Beautiful Anne sent this request via e-mail:
I just watched a blurb about shorts for every body type on the Today Show, except that they only showed 4 models and they all looked about the same to me, so it wasn’t very helpful. Can every body type really wear shorts? I know you tend to wear more skirts and dresses, but sometimes a skirt isn’t quite appropriate. With summer kind of approaching here in the Midwest, I’d be interested to see your take on this.
This is quite a challenge to me, my friends, as I probably wear shorts twice per year. But I know they’re a summer staple for many, so I’ll weigh in on Anne’s questions as best I can!
Can every body type really wear shorts?
But of course! Whoever said that certain body types should avoid shorts is a Clothing Tyrant and should be immediately overthrown in a bloodless coup. If you like shorts and feel comfortable in ’em, wear ’em. Find a style that suits you, and sport them all summer long. The end.
What’s the right length for me?
It will all depend on how long your legs are overall, how long your thighs are in comparison to your torso, how much thigh you want to share with the world, and how important leg-lengthening is in your personal hierarchy of figure-flattery priorities. But in my humble opinion, a hem length at least one hand’s width above the knee is almost universally flattering. (Did I mention almost? Only you and the dressing room mirror can decide for sure.)
Longer shorts such as Bermudas are great in the coverage department, and if that’s your objective, then by all means go long. But remember: A SKIRT that hits at the knee allows the observing eye to imagine thigh shape relatively freely. A pair of loose shorts that hit at the knee may trick the eye into thinking your thigh fills the entirety of the pant-leg. If you can, show some knee and a wee bit of thigh above the kneecap because it reveals more of your true shape.
Notice how just a few inches in length can make all the difference. The Bermudas at left are totally cute, but the patterned shorts at right give a better idea of overall leg shape. Both via L.L.Bean.
Higher than a hand’s width above the knee can be super flattering, too, so go shorter if you’d like. How short is going to depend on your comfort level with your upper thighs and your personal preference. But I’m gonna come right out and say it: Shorts that have an inseam of 3″ or less aren’t my favorite, even on lithe teenagers. I just plain don’t like how they look. Shorts that are, in essence, panties with a zip fly make me frown since they look neither comfortable nor chic to my eye.
Not my favorite. Via Bebe
Shops like J.Crew and Land’s End offer shorts in a wide variety of hem lengths, so you can truly choose how long or short you’d like your pair within a few inches. You’ll find 3″, 5″, 7″, 9″, and 12″ hems on these sites. Talk about selection!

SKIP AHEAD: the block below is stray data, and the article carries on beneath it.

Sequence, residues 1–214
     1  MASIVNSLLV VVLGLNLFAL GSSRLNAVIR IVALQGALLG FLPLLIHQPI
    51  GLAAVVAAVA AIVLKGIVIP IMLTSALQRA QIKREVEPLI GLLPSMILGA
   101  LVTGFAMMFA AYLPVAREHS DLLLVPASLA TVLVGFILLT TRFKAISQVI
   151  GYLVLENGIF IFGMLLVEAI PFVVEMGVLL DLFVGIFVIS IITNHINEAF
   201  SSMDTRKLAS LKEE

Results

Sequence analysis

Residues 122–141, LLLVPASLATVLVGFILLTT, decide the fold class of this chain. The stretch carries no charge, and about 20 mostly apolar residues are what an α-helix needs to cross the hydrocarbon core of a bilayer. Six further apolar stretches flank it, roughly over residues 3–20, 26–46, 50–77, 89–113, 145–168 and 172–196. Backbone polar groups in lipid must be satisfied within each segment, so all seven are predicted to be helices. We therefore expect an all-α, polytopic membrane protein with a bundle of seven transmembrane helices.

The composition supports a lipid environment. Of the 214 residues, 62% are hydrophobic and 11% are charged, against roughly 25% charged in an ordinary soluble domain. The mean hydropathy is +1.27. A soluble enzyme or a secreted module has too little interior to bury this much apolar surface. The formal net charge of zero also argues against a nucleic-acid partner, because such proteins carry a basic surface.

What’s the right style for me?
Again, only you can truly make this call. But here are a few things to keep in mind:
- If you’ve got a small waist and a spare-tire belly, shorts with pleats that hit at your natural waist will emphasize the tire. Flat-front styles that sit two fingers below your belly button won’t pooch as much.
- If you’ve got no curves and wish to emulate curves, embrace pleats. They’ll flare out a bit and give the impression of volume where there is none.
- If you’ve got no curves and a short torso that you wish to lengthen, try the loose, hip-slung approach.
- If you want to emphasize your curves, shorter shorts that hit at your natural waist will do just that.
- If you’ve got no waist to speak of and carry weight in your midsection, flat-front styles that hit at or just below your natural waist will create a balanced figure. If you’ve got slim legs and want to show ’em off, by all means choose a shorter hem length.
- If you’ve got a long torso that you want to shorten, try high waists, paperbag waists, and belted styles.
How should shorts fit?
Semi-constricting hems are sometimes unavoidable when you sit down, but I still believe that shorts should not cut into or subdivide the thigh when you’re standing. If you go for a style that fits closely, make sure it has some stretch.
And, as is the case with ALL bottoms, shorts should not cause your midsection to spill out over the waistband. When you try on shorts at a store, bring a fitted top into the dressing room, too, so you can be sure they’ll sit flat and quiet against your midsection.
What else should I consider?
If you are concerned about leg length and proportion, shoe choice is extremely important when constructing a shorts-based ensemble. (See an entire post on this topic here!) Take a peek at these images from the Nordstrom website for a quick lesson:
Here we’ve got a versatile length short with a great fit, but those flat sandals that hit at the ankle bone shorten the calves and make them look thicker.
Now, these t-straps also hit at the ankle bone, but since they include a wedge heel, they’re far more lengthening than their flat compatriots above.
If you can’t imagine wearing heels or wedges with something as casual and knockabout as a pair of shorts, a shoe with a nice low vamp will still elongate your gams. I’m not a huge fan of flip-flops, but these make the model’s legs look marvelously long: It’s nothing but skin from just above the knee to just before the toes.
Hope that helps!
Top images courtesy Gap.
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Originally posted 2010-06-08 05:30:00.